Security issues are becoming, more and more clearly, 'existential' issues of identity. It is however possible to address them efficiently only by countering the process of renationalisation of European politics. Common defence – an idea that dates back to the early days of the construction of a European Community – is a driving force of the EU integration process. An ambitious challenge from a military, technological and industrial standpoint, and a possible ground for cooperation and debate with a United Kingdom that no longer knows how to get out of the Brexit trap.

Della Vedova Uemani

Let’s start from where it started. The idea of ​​a single European defence, as we know, has a long history, dating back to the project of the EDC, negotiated and then aborted in the early 1950s. The very authors of the Ventotene Manifesto had identified the United States of Europe as a project aiming to weaken, by means of a merger, the national military-industrial complexes, potentially able to rekindle nationalist hostilities which caused the tragic consequences of the conflicts that had devastated the old continent in the first half of the twentieth century.

Seventy years later, the issue of a single European defence is vehemently back, although for different reasons. National military-industrial interest groups are no longer seen as economic and political constituencies able to bring back war in Europe (while this seems unfortunately the more-or-less conscious goal of neo-nationalist and anti-European political groups), but rather as dysfunctional apparatuses, unable to provide European citizens with their value for money in terms of the “investment-to-security ratio”. Today, the single European defence can be a project that combines integration with functionality, the political and symbolic dimensions of the European integration process with efficiency, and politics with security policies.

It is a project that, if well presented, could benefit from a strong consensus among citizens who are uneasy about the fragility of national defence systems which are fragmented and likely more oriented towards competition rather than co-operation - while terrorist attacks can randomly hit Madrid, Brussels, Paris or any capital or region on the Continent. Moreover, the perception (probably still more psychological than actual at this stage) of Uncle Sam’s pulling out of conflict areas more closely affecting and undermining both Europe’s real and its perceived security, highlights the irrelevance and insufficiency, unless in a gregarious way, of the several European armed forces, even the best structured ones.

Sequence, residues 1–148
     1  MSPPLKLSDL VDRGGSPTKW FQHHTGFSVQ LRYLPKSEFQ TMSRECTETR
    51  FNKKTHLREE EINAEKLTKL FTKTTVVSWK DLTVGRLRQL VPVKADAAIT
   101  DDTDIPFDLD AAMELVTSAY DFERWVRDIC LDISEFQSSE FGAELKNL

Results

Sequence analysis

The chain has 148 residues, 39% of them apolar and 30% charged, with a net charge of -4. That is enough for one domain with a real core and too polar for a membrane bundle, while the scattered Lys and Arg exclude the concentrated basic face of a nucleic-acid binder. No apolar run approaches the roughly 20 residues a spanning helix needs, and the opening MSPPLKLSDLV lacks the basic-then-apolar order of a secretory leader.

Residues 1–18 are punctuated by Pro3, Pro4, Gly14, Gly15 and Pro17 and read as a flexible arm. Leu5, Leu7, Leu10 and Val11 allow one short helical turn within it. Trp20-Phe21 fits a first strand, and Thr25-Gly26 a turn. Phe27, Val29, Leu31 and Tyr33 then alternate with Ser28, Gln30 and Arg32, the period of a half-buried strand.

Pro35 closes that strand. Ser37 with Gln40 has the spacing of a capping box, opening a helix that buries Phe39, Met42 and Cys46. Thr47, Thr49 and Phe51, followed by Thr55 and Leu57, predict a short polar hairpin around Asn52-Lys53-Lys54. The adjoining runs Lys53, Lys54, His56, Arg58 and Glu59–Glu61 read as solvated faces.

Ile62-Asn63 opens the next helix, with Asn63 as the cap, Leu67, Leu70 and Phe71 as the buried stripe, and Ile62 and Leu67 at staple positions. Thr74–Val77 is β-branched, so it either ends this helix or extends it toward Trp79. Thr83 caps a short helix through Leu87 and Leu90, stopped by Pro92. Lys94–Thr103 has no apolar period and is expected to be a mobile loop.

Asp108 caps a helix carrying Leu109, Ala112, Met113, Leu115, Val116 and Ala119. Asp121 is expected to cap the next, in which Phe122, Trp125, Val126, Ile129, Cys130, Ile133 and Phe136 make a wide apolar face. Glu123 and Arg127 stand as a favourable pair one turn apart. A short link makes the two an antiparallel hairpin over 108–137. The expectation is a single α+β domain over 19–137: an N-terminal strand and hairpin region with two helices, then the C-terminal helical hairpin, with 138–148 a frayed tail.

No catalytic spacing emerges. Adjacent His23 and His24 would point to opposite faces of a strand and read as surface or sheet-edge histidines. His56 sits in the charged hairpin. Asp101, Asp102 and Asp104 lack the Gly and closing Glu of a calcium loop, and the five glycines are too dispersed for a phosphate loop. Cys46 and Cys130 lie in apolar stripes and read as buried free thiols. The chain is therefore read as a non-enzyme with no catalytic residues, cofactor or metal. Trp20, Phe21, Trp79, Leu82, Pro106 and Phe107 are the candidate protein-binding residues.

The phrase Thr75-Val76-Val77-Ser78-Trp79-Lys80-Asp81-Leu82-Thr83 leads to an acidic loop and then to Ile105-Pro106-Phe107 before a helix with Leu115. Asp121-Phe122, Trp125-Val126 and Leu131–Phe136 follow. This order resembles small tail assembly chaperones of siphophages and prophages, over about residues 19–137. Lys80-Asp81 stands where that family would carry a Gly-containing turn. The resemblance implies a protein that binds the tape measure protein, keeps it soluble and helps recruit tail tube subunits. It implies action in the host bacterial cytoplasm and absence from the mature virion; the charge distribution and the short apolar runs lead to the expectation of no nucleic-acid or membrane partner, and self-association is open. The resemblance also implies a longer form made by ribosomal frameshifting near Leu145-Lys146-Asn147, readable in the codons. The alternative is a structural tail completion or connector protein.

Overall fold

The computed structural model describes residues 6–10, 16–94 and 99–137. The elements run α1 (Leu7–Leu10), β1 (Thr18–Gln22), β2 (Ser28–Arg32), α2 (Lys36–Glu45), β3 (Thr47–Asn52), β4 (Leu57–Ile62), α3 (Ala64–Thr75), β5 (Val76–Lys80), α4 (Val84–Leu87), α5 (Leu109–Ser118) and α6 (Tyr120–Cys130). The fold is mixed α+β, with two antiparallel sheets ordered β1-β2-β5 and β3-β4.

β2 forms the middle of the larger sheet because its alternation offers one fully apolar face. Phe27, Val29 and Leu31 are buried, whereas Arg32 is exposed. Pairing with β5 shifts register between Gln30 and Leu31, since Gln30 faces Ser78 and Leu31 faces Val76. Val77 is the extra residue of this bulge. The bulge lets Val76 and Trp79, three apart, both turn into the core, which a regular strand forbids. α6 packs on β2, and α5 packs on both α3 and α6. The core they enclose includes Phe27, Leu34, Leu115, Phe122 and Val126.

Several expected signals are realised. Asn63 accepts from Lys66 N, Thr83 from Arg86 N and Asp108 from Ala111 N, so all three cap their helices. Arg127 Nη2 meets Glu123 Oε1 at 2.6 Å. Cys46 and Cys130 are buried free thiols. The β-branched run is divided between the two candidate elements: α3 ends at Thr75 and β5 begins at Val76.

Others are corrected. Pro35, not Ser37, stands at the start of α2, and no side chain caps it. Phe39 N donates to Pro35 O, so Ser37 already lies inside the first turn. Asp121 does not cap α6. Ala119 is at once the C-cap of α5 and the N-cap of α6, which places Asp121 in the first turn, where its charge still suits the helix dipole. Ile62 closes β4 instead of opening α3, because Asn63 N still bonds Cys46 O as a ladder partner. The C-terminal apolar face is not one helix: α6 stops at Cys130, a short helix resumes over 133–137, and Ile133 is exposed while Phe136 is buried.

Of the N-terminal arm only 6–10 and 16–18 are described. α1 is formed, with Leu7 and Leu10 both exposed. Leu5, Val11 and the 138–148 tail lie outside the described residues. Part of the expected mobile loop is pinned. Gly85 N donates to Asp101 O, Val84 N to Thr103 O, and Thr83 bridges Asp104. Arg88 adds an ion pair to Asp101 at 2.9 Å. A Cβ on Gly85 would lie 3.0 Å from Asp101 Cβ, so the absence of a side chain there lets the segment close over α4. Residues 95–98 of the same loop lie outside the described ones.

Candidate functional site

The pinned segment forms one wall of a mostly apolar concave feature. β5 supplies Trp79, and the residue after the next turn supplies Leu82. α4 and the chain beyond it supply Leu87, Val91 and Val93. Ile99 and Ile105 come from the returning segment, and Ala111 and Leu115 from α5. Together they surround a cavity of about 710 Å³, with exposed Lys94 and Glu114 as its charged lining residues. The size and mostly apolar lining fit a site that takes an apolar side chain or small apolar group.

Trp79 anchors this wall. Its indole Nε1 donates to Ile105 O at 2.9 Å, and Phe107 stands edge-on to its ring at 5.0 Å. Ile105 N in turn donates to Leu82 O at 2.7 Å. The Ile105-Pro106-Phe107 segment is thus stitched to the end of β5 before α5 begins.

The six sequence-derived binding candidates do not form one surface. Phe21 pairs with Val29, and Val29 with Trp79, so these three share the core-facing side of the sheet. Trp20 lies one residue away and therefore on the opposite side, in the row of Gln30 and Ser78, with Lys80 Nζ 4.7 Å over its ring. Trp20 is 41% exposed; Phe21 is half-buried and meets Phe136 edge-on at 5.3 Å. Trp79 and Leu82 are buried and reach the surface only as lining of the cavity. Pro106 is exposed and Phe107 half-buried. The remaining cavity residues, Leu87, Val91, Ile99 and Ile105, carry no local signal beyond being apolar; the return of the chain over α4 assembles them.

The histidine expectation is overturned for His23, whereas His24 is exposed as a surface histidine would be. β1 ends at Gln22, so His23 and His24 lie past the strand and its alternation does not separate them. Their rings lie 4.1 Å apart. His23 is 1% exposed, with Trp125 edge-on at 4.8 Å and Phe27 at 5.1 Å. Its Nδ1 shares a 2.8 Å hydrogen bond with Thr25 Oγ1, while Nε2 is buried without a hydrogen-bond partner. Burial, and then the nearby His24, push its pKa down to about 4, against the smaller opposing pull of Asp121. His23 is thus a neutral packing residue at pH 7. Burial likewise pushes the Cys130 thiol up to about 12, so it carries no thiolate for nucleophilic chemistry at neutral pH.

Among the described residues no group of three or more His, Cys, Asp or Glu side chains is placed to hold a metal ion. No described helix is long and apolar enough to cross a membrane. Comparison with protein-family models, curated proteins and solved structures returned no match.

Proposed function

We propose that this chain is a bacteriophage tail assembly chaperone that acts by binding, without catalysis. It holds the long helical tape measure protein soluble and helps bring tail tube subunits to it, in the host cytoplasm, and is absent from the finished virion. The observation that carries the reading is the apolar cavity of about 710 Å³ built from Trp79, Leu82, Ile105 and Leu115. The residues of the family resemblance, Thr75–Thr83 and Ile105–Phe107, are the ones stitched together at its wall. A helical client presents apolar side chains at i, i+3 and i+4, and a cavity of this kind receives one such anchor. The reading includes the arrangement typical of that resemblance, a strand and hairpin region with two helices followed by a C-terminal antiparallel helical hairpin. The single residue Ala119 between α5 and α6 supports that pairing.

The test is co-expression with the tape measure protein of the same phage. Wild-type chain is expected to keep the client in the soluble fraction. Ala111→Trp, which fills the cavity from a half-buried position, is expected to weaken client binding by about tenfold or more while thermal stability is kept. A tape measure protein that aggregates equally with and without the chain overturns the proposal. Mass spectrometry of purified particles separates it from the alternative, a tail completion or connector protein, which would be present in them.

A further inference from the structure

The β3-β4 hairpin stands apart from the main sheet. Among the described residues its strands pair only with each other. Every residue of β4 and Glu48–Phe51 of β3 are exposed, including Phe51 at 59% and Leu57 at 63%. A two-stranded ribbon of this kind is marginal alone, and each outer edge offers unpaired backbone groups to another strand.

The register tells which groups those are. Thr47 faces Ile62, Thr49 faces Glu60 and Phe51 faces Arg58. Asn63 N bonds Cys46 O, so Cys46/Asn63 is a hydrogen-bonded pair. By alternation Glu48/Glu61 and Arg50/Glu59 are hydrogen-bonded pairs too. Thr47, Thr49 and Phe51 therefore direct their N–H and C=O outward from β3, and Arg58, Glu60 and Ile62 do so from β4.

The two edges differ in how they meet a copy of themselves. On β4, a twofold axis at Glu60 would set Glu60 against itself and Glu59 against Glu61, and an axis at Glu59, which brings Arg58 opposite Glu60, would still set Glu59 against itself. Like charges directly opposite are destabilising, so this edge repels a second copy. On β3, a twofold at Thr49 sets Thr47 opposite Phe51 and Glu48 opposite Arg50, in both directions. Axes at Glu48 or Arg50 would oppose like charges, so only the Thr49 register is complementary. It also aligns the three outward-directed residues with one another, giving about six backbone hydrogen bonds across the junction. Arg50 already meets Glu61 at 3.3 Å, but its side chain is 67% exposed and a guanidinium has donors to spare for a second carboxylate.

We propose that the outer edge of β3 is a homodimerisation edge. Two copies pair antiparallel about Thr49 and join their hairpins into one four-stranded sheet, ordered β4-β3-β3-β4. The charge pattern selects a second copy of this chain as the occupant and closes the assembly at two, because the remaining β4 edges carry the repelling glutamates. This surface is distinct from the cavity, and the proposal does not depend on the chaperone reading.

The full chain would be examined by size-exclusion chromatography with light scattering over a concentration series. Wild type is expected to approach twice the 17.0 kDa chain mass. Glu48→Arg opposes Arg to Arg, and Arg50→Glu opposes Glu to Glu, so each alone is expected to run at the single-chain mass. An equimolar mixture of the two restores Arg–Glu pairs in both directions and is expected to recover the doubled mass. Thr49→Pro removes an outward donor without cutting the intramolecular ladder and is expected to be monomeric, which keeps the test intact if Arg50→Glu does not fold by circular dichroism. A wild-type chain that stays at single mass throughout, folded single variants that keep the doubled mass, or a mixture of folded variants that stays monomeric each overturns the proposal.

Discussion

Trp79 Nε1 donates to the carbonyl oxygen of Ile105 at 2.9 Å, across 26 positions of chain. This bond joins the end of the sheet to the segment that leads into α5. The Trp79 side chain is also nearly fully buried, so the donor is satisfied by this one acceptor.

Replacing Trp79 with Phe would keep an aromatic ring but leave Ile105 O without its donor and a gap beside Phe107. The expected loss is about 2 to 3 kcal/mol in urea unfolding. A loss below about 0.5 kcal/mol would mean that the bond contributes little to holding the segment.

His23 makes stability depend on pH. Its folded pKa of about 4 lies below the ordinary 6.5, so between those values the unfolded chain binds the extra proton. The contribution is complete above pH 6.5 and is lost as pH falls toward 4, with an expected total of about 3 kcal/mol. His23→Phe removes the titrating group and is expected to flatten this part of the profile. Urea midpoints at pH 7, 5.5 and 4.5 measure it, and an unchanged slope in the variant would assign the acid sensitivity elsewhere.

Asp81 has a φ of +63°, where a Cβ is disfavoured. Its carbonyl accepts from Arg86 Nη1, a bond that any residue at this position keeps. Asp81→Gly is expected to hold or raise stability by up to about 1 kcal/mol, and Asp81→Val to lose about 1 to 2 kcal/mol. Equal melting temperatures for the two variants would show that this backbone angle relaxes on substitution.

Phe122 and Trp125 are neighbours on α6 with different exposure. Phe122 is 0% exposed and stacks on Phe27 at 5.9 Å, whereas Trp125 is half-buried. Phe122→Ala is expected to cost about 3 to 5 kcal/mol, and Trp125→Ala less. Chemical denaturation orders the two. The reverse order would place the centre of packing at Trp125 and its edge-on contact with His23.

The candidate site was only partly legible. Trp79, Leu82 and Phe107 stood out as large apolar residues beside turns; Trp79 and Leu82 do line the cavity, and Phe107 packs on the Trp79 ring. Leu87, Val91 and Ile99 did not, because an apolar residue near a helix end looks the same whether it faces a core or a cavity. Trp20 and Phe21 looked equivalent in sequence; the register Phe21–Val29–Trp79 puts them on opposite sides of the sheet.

The American argument on the need to rebalance military spending on the two sides of the Atlantic offers an additional boost to reviewing the layout and effectiveness of the defence apparatus of the 28 – or 27 – EU members states. Mr. Trump simply reiterated in an antagonizing and inaccurate spirit – the style loved by those who hate a politically correct Europe and would rather have the incorrect one, no matter its shape or form – what previous Presidents had already requested, the latest being Mr. Obama – albeit in a cooperative spirit and with respect for other national and supranational institutions.

I believe that depicting the U.S. engagement for the defence of the old continent over the last decades as a sort of non-repaid investment is fundamentally flawed for many reasons, but certainly also because that investment was one of the drivers of the decades-long American supremacy, with its great and well-deserved economic benefits. However, I think the U.S. are right to demand an enhanced European empowerment on defence. As Mrs. Merkel said after the G7 Summit in Taormina, Europeans have to take their fate in their own hands. This is primarily true for security and defence, which can no longer appear to be - or actually be - delegated to allied countries. Especially so since NATO, for reasons largely independent from the political and institutional processes in the old continent, is called upon to face internal tensions and to reconsider the meaning of its geographic configuration and historical function, after the demise of the post-Yalta military bipolarity.